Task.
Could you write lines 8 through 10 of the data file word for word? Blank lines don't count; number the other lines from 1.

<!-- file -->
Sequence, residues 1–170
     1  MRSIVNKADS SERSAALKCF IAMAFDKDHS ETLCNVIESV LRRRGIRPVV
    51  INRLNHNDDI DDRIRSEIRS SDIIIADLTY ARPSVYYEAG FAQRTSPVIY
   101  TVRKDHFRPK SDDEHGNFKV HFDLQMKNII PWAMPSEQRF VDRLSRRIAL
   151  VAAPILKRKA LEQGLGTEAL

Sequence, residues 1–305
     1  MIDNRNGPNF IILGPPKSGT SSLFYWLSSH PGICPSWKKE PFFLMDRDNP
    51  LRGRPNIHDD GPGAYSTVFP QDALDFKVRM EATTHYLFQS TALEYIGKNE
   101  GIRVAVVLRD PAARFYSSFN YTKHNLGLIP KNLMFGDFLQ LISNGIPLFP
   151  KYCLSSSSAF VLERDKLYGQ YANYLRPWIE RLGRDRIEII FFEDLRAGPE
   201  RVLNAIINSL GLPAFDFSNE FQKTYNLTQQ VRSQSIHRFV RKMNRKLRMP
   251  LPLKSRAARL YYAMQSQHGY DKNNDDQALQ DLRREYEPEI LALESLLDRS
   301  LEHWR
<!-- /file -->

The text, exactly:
    51  LRGRPNIHDD GPGAYSTVFP QDALDFKVRM EATTHYLFQS TALEYIGKNE
   101  GIRVAVVLRD PAARFYSSFN YTKHNLGLIP KNLMFGDFLQ LISNGIPLFP
   151  KYCLSSSSAF VLERDKLYGQ YANYLRPWIE RLGRDRIEII FFEDLRAGPE